Online groceries orders taking offIn the month since the outbreak of Middle East respiratory syndrome (MERS), online sales of groceries have jumped.
E-Mart, the country’s leading discount chain, says sales of fresh food at its online mall rose 71.4 percent from June 1 to 22 compared with the same period last year.
Sales of meat rose nearly 90 percent, the company said, while vegetables jumped 102.1 percent, fruit 77.8 percent and seafood 65.1 percent.
E-Mart says it plans to build six more distribution centers for its online mall by 2020.
In order to maintain freshness, the retailer says, its online warehouse uses the so-called “cold chain system” that maintains the temperature at 8 degrees Celsius (46.4 degrees Fahrenheit) and uses insulated containers with cooling packs for deliveries.
Lotte Mart says online sales of fresh food rose 26.8 percent year-on-year from June 1 to 17.
In June 2013, sales of fresh items accounted for 22.2 percent of total sales at Lotte Mart’s online mall and the figure jumped to 31.6 percent as of last Friday, according to the company.
“Customers used to prefer buying fresh groceries at storefronts because they wanted to check the freshness with their own eyes,” said a Lotte Mart official. “But things are changing. More customers have decided to trust well-established retailers, knowing they sell the same items available at the storefronts.”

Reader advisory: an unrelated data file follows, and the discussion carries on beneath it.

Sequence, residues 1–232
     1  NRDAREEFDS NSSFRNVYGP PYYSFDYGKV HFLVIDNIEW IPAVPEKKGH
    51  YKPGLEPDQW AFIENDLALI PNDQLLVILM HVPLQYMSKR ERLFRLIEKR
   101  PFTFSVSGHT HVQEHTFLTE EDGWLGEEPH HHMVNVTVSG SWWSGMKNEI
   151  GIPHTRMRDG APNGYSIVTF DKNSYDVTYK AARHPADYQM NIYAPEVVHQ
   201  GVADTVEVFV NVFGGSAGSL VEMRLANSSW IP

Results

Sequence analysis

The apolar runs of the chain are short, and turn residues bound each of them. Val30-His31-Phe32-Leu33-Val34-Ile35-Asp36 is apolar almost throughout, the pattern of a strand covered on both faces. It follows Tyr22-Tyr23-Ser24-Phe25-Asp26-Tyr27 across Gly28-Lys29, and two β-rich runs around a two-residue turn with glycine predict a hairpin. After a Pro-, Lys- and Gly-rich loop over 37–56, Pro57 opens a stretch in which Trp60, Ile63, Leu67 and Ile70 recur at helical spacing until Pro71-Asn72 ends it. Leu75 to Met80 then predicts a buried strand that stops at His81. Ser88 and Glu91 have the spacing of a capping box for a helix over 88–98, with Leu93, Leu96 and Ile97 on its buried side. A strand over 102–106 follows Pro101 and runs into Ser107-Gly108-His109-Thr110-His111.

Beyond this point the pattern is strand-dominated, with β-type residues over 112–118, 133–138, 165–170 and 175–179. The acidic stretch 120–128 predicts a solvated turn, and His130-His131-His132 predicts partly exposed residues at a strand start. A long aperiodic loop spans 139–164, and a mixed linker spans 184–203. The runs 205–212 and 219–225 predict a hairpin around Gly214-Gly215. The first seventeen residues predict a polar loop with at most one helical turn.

E-commerce companies are taking note of the trend, making moves to profit from the changes and expand their lines of fresh foods.
Korea’s leading social commerce company, Coupang, said last week it will expand its grocery offerings in collaboration with the National Agricultural Cooperative Federation.
Coupang says groceries will be delivered via its famous “rocket delivery” service and reach the doorsteps of customers as quickly as a single day.
Coupang will be directly involved with the purchasing, with the National Agricultural Cooperative Federation supplying fresh produce.
Gmarket, an e-commerce company, also is planning to set up an online event for fresh food this month.
“Open market directly links consumers with farmers,” said Park Young-keun, senior manager in charge of fresh produce at Gmarket. “Pricing is more attractive, and there also are a greater number of fresher goods.”
BY PARK JUNG-YOUN [email@example.com]
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